With a player like John Souttar, Rangers knew injuries could be an issue, so it should not be a surprise they have been short at the back at times.
There are still question marks over Rabbi Matondo too and while Malik Tillman has shown what he can do in flashes, it hasn’t been consistent enough.
Tom Lawrence’s injury was unfortunate but if the view from within is his absense is the reason things are not going well then there are bigger problems that I first imagined.
Only Antonio Colak has come in and produced to the level that is required but let’s not forget he was brought in to push Alfredo Morelos on, not be Rangers’ number one striker.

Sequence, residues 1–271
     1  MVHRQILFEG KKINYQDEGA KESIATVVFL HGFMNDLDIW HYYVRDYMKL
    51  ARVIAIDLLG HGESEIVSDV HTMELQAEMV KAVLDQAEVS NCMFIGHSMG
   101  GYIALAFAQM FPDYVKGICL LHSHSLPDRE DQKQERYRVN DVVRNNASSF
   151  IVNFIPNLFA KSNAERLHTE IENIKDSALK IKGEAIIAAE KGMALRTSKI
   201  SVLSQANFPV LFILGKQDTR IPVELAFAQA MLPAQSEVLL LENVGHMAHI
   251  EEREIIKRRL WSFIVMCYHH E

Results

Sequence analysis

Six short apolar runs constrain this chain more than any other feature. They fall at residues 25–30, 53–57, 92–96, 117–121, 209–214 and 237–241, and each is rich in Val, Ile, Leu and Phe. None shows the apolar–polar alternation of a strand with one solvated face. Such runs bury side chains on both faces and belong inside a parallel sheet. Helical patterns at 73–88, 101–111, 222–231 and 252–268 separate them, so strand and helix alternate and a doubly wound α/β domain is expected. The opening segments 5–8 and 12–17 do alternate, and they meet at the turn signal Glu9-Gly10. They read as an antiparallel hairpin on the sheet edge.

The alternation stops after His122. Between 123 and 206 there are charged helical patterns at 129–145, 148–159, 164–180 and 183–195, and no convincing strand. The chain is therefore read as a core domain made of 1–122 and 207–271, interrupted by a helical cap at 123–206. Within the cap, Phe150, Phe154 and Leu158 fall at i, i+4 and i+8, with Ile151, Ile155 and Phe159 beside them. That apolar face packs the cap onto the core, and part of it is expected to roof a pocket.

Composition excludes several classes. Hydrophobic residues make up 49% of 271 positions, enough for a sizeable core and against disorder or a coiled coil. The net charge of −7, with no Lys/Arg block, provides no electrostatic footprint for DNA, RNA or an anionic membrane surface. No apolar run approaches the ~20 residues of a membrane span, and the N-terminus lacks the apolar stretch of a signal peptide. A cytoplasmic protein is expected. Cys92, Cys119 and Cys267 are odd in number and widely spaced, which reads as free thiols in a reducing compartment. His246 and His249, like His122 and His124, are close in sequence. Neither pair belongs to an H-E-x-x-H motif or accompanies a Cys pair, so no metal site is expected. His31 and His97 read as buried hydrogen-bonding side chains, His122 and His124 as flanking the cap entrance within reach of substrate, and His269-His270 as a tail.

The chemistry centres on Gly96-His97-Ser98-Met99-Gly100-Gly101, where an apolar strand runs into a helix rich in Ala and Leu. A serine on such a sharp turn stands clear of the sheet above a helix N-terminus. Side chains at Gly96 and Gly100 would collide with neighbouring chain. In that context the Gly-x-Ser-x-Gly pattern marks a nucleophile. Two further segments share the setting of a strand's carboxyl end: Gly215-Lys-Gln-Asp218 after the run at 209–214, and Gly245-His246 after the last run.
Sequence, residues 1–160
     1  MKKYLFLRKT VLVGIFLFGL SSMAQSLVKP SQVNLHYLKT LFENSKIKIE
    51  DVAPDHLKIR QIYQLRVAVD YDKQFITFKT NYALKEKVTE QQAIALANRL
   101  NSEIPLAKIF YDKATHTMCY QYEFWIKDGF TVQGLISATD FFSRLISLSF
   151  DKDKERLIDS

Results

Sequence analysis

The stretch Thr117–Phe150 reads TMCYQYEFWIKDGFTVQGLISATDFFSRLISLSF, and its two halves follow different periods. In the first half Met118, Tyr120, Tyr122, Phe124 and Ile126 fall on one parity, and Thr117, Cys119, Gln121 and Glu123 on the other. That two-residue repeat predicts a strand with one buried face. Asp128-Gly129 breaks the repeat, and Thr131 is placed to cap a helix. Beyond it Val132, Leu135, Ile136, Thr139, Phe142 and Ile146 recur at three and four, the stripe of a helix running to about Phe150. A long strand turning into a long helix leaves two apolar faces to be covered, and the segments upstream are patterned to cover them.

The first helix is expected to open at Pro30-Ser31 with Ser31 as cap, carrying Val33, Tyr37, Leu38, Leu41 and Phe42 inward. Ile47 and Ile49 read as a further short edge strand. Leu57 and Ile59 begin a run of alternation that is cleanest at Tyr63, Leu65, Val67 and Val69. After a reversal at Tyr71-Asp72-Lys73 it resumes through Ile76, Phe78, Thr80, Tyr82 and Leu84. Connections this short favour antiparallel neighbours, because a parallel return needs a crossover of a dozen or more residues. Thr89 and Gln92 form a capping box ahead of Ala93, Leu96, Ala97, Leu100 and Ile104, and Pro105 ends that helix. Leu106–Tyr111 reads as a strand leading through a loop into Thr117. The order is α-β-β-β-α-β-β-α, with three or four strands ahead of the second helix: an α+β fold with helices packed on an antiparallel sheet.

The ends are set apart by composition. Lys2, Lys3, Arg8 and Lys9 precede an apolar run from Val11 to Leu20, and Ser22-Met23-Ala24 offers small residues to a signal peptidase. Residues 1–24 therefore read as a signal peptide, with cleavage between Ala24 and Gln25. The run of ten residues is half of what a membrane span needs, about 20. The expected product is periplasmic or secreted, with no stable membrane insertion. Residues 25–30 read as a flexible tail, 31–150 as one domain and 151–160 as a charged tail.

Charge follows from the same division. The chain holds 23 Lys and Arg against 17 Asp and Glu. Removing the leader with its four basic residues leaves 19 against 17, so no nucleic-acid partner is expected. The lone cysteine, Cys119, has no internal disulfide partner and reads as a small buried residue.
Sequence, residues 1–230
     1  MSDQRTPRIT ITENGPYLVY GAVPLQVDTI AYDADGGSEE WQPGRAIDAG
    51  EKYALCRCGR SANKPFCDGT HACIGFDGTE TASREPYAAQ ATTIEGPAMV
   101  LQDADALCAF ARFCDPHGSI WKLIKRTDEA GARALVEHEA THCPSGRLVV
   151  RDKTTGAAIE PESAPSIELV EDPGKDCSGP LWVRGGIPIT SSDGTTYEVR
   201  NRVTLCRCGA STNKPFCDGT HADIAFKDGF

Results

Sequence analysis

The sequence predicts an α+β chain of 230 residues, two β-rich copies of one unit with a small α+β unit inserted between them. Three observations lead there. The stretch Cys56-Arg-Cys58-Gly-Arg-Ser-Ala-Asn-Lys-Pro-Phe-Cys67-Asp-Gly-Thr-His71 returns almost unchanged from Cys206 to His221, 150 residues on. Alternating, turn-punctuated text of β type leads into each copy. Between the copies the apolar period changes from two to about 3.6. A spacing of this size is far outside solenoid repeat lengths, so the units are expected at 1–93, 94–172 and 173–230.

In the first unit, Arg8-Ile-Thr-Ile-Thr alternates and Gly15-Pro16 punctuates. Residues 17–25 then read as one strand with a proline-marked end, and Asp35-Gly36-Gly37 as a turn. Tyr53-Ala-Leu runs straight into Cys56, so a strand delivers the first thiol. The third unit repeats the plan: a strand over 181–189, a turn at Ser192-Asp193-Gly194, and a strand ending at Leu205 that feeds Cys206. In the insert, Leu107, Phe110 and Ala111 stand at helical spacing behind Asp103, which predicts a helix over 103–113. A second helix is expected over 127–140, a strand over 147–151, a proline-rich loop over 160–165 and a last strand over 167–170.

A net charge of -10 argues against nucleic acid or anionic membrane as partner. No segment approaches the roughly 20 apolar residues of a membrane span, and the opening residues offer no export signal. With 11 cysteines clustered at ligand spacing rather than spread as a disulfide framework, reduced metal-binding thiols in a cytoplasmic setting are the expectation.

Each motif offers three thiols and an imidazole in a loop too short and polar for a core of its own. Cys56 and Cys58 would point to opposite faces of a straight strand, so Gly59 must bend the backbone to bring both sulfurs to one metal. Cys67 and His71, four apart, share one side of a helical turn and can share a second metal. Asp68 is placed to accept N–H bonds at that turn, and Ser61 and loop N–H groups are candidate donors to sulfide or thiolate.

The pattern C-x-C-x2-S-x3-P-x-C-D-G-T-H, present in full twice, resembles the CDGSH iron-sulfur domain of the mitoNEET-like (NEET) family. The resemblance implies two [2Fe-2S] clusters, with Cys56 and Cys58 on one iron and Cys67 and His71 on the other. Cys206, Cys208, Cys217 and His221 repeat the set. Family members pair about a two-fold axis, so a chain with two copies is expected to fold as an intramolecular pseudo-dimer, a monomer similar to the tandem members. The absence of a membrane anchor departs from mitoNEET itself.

The next two transfer windows are two of the biggest in Rangers’ history. It is a crucial period coming up and it is vital those involved learn from what has happened.
The answer isn’t bolstering the squad anymore, additions need to be made that will make the starting XI better.
There are some monumental calls to be made and absolutely no margin for error. There also needs to be some serious forward planning for next season as well given the number of players in the last six months of their present deals.
A lot of people spoke about Allan McGregor, Scott Arfield and Steven Davis when they got new deals but Giovanni went back to them time and time again so it tells you all you need to know and that it was good business.
To go another season might be a step too far for some and when you look at the number of players who could leave, players are going to have to come in.
I think the recruitment team will be doing their job but it is going to have to be a lot better, there’s no doubt about that.